Among the most important developments to emerge from Mexican President Jose Lopez Portillo's recent visit to Washington was President Reagan's announcement that he will participate in the so-called North-South summit conference, now scheduled for October in the new Mexican resort town of Cancun.The President and his advisers face serious problems as they work their way toward this historic conference; problems that could lead to a bitter confrontation between developed and developing nations, an open split between the Western industrial nations, or the diplomatic isolation of the United States.
The idea for a conference of a score of key heads of governments from industrial and developing nations was given momentum almost two years ago when it was made a central recommendation of the Brandt commission. The commission, know formally as the Independent Commission on International Development Issues, called for "a summit meeting with leaders from both industrialized and developing nations" which "could launch ideas for a world economic recovery program" and "enable political leaders to take the first steps towards committing themselves . . . to a global agreement."
For months the Brandt proposal was bounced around international conclaves, often with a lukewarm response from some Western leaders who feared yet another harangue from the poor nations. With the active support of President Lopez Portillo and others, however, plans for a major conference began to take shape last year.
The key question since Nov. 4 has been: how would a Reagan administration approach such a summit?
America's relations with the developing nations since January have revolved around three trends, none of which is supported by most of the other industrial countries, and all of which are decried by the third world.
First, the American view of the nations of Africa, Asia, and Latin America has rapidly moved toward what Secretary of State Haig describes as "the central strategic phenomenon of the post World War II era; the transformation of Soviet military power." In this view, the developing world is seen primarily as an arena of conflict between the political and military forces of the Russian bear and the American eagle. Almost any issue or problem that arises in the third world appears quite different when it is viewed from such a perspective, and when allies (such as the United States and Britain on the one hand, and most of the rest of the Western alliance on the other) don't share the same fundamental perspective toward the developing world, the possibilities for confusion are great. Thus the potential for an Anglo-American duet before a skeptical, perhaps raucous, audience is considerable.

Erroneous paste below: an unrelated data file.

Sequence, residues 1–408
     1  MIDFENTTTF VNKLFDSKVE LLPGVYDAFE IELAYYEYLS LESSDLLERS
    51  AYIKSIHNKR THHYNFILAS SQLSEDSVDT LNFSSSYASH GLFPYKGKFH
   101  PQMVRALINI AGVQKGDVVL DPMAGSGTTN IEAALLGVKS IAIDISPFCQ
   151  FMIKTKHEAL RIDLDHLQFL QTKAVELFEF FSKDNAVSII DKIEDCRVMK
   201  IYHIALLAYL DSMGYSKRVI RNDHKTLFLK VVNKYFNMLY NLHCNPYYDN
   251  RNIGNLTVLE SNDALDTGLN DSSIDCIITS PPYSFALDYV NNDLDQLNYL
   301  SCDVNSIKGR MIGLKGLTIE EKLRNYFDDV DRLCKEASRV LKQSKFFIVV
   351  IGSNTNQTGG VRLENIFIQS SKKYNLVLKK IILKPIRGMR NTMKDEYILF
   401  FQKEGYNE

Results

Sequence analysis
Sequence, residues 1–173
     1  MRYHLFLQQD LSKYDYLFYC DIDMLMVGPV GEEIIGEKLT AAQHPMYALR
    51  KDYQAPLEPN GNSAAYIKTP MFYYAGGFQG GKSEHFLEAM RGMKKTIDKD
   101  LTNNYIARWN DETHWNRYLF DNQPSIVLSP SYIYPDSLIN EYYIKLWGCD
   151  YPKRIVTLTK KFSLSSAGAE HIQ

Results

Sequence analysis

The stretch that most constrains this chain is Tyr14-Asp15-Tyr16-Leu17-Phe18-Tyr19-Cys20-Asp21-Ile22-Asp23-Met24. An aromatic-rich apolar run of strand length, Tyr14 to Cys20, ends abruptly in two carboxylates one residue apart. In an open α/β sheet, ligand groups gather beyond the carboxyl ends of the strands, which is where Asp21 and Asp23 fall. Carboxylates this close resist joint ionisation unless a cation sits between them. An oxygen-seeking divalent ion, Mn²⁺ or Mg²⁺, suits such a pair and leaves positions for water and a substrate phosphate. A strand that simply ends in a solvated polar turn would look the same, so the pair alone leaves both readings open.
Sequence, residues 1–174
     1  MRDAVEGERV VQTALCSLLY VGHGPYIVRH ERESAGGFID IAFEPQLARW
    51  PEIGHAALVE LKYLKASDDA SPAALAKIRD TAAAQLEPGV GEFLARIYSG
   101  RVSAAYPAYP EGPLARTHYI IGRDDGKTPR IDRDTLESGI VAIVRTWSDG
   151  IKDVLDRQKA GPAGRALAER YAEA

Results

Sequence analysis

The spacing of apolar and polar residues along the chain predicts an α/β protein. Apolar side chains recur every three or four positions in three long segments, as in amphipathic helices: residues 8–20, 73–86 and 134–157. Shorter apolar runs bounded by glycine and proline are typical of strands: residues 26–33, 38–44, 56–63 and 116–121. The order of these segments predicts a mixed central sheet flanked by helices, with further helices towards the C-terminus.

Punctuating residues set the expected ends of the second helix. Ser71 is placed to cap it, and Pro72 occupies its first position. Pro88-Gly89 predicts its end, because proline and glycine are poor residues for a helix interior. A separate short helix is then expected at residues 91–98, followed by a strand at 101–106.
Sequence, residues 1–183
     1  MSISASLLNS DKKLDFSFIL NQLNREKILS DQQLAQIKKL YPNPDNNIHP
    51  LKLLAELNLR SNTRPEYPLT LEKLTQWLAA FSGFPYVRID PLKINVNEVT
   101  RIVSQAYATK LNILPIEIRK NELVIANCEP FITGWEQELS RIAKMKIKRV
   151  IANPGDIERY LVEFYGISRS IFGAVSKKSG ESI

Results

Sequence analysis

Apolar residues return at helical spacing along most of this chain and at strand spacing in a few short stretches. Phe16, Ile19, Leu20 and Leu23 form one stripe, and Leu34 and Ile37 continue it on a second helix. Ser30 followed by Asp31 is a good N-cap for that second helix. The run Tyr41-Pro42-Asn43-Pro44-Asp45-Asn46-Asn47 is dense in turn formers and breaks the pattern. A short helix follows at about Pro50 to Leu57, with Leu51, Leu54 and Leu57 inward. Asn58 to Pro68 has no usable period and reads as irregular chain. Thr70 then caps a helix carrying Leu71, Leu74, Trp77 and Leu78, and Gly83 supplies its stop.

Second, and more specific, American foreign aid efforts under the Reagan adminstration appear to run largely counter to those of most other industrial nations, and directly counter to the wishes of most developing countries. The Reagan-Haig foreign aid policy, as it has been publicly described, has four basic characteristics: (a) spending for foreign aid will shrink in real terms; (b) the shrinking pie will be devoted increasingly to bilateral aid programs, while US support for multilateral efforts will be scaled down; (c) within the bilateral US aid effort, increased priority will be given to military and security- related assistance, while bilateral economic and developmental assistance will have a secondary claim on resources; and (d) the bilateral economic and developmental aid programs will, themselves, have an increased political coloration.
What makes these characteristics a potential point of contention at Cancun is that most of the other Western nations will be prepared to increase their foreign aid spending, and to do so increasingly through multilateral channels. Similarly, most developing countries will want them to do just that.
Third, although the Cancun summit will not discuss political/military matters , these will certainly provide an undercurrent to the discussions. To the extent that they do, US political/military policies towards the third world could prove uniquely troublesome for President Reagan. Many Western and third- world leaders, including many quite sympathetic to the United States, have been puzzled and worried by a string of American policies that appear almost to deliberately ignore the sensitivities of developing nations.
The decision to make the El Salvador conflict a major issue, in diplomatic and public relations terms, between East and West; the decision to visibly improve US relations with South Africa; the US opposition to a World Health Organization resolution on infant formula marketing in developing nations; and the US decision to "reexamine" its participation in the Law of the Sea Treaty -- all these have perplexed many in the West and antagonized many more in the third world. A continuation or expansion of such policies could cause many Western and friendly third-world nations to quietly distance themselves from the United States and its proposals during Cancun.
Given these potential problems, as well as the normal complications in organizing a new administration, it is not surprising that the Reagan administration delayed as long as it did before deciding to participate in a North- South summit. Having now done so, it must find a way to reconcile American policies with those of our friends and allies or face a very bumpy road to Cancun.